2. Buying Locally is Better for Your Community
Three main factors account for the difference in community payback: Local Giving - Because local business people and farms live where they do business they are much more involved in it. This contributes to the fact that local businesses give 0.4 percent of their gross revenue to charity. That's four times as much, relative to overall sales, as Wal-Mart gave to charity in 2002, and twice as much as Target gave. Local Buying - Locally owned businesses make more of their own purchases locally. Local businesses bank with locally owned banks, they purchase some inventory from local manufacturers, advertise in local newspapers, and hire local accountants, printers, internet service providers, and repair people.The Multiplier Effect - More of the profits of locally owned businesses recirculate in the community. Economists call this the multiplier effect. Three recent studies (in Austin, Texas, Chicago, and Maine) compared locally owned businesses with nationally owned book stores as far as their impact on their local economies. $100.00 spent at a national retailer yielded a return of between $15.00 and $40 to the local economy. However when that same $100.00 is spent with a local retailer it returns between $45.00 and $68 of income to the local economy. When further defined, these returns from the national chain store were usually in the form of lower-level service sector wages.

1. Support the Economic Democracy of Small Farming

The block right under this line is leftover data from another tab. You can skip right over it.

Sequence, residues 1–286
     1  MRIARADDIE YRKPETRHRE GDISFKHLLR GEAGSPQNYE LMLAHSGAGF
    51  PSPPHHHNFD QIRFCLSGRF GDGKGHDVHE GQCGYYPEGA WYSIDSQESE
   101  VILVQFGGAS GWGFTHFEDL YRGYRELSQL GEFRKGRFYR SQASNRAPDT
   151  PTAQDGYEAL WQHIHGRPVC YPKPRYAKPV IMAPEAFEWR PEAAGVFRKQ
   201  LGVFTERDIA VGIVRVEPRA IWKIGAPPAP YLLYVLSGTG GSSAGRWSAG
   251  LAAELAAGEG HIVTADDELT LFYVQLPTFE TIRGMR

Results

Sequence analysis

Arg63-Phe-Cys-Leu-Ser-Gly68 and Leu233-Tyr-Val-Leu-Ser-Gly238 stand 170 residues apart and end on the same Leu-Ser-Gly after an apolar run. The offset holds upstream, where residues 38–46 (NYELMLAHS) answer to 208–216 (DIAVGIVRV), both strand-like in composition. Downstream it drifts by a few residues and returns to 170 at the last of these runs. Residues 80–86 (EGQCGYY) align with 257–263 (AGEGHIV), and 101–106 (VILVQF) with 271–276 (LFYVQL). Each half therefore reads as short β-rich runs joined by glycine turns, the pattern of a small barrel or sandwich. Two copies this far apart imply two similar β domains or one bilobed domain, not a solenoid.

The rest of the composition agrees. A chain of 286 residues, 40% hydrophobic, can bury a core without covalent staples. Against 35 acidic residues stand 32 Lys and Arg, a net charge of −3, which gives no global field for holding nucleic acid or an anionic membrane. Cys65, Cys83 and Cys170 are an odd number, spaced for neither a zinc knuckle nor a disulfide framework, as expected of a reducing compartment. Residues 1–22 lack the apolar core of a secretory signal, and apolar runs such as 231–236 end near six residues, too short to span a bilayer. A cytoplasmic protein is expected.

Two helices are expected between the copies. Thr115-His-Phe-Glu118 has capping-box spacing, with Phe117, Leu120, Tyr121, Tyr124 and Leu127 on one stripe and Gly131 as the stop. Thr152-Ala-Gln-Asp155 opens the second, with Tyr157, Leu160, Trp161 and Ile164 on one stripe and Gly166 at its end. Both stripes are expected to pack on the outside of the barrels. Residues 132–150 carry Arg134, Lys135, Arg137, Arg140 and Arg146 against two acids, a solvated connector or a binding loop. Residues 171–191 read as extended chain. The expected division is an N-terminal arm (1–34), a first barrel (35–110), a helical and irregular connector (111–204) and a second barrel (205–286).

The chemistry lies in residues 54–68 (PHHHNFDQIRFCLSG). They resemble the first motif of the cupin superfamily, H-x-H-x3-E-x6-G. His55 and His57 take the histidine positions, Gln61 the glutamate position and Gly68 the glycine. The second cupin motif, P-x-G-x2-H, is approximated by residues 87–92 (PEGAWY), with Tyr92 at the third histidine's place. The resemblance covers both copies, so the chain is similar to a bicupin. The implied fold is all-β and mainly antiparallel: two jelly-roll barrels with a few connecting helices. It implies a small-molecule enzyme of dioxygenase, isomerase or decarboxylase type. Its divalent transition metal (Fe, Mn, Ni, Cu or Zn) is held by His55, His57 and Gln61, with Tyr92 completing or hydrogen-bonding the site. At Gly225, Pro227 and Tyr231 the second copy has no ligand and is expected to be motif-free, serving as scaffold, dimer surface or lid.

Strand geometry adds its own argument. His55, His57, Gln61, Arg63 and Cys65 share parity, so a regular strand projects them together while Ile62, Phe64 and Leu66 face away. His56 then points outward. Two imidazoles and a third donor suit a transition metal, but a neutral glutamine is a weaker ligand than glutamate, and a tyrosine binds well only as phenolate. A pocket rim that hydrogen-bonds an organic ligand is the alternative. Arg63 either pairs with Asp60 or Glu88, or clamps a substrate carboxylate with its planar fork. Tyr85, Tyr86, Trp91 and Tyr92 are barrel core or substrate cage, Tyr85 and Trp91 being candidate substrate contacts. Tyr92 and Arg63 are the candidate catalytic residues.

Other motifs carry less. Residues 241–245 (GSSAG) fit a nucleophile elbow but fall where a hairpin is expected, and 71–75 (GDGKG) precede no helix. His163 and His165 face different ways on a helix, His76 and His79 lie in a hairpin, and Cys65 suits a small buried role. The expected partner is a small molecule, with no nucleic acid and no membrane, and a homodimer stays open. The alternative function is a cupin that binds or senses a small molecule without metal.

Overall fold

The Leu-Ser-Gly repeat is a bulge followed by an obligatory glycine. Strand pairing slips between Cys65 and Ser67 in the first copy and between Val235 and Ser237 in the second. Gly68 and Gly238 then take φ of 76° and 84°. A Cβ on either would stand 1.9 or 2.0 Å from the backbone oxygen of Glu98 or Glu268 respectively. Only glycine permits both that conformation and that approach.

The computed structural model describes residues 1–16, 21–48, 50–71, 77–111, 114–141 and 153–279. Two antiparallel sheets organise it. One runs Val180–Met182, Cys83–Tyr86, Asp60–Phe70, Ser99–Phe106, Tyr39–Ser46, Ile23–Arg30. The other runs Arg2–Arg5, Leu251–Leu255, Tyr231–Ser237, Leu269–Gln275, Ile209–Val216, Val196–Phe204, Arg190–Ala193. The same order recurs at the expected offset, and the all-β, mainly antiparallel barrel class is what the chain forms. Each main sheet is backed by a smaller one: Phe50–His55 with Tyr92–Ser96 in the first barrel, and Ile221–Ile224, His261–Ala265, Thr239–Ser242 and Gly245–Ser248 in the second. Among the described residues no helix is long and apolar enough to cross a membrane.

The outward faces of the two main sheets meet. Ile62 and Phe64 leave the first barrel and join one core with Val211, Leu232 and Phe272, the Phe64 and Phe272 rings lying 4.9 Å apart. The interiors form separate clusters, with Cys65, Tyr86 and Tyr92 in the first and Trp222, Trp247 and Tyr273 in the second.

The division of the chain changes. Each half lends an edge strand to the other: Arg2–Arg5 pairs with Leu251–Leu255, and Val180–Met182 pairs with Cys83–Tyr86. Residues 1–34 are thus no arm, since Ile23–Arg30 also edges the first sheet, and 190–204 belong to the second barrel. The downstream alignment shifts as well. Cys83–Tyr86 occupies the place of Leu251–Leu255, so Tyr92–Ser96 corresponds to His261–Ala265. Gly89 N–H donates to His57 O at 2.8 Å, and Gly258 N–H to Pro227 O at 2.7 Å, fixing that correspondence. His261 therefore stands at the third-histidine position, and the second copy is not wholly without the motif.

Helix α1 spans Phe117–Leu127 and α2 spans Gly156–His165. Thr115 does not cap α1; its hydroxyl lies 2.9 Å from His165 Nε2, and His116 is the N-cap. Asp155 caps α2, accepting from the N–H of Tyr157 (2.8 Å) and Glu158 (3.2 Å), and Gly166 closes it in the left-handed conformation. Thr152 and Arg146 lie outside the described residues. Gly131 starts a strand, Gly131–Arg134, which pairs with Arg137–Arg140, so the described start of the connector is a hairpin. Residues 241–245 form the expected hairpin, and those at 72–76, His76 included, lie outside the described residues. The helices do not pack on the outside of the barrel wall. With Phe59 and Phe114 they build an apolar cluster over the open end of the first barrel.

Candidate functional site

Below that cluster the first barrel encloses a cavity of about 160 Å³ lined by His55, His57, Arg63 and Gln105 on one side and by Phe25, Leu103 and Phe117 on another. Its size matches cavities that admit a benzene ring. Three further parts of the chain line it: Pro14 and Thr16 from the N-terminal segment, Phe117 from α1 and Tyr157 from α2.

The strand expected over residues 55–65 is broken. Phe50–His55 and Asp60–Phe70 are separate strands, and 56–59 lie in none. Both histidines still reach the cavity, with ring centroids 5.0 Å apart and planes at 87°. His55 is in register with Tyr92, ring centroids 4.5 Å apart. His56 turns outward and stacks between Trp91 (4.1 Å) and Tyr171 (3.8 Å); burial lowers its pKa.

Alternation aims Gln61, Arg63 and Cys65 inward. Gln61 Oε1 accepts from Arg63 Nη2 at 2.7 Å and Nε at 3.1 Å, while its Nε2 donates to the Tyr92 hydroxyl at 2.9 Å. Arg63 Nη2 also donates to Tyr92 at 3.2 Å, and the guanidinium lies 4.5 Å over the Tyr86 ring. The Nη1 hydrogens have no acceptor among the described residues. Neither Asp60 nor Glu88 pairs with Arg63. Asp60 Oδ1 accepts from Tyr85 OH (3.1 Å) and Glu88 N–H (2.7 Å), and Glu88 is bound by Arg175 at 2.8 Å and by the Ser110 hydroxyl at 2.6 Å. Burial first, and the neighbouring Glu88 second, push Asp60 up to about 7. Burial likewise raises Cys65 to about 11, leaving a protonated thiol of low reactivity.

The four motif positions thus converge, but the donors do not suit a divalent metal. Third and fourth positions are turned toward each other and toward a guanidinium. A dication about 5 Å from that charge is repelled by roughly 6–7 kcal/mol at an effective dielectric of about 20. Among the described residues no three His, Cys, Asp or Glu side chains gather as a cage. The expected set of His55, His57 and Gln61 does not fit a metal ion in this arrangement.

We can have an agricultural system where 1 factory farmer controls 3500 rBGH cows, exploits 50 mostly immigrant workers, and pollutes the watershed because their ocean of manure is viewed as a matter of disposal OR we can have an agricultural system where 60 families control 60 organic cows each with family labor and views their manure as precious fertilizer to build the soil of their pasture. By supporting small family farms you are fostering the broad-based independent decision making of economic democracy and a more sustainable agriculture. You are helping to break up the concentration of power and making room for values beyond the bottom line. You are supporting an economic system where more people can have meaningful control of their lives and something of their own, an empowering space in an interdependent world.


  1. Washington Apple Study Finds Organic Growing Is Best By EMILY GREEN, Times Staff Writer http://www.organicconsumers.org/Organic/orgapples.cfm
  2. The Organic Manifesto of a Biologist Mother Sandra Steingraber, PhDhttp://www.organicvalley.coop/culture/moomom/organicmanifesto/index.html
  3. Why Organics http://www.westsideorganics.com/wso/why_organics/
  4. FAO (2000) Twenty Second FAO Regional Conference for Europe, Porto, Portugal, 24-28 July 2000 Agenda Item 10.1, FOOD SAFETY AND QUALITY AS AFFECTED BY ORGANIC FARMING
  5. The Benefits of Organic Foodby André Leuwww.ofa.org.au/papers/The%20Benefits%20of%20Organic%20Food%20paper.doc
  6. CSA: More for your money than fresh vegetables John Hendrickson and Marcy Ostromhttp://www.cias.wisc.edu/archives/2001/01/01/csa_more_for_your_money_tha...
  7. Stoney Acres Farm 2007 CSA Season Half Share Cost www.stoneyacresfarm.net
  8. The Heritage Foundationhttp://www.heritage.org/Research/Agriculture/BG1538.cfm
  9. Local Ownership Pays Off for Communities By Jennifer Rockne Jeff Milchen, 2003
    html http://www.civiceconomics.com/Andersonville/AndersonvilleStudy.pdf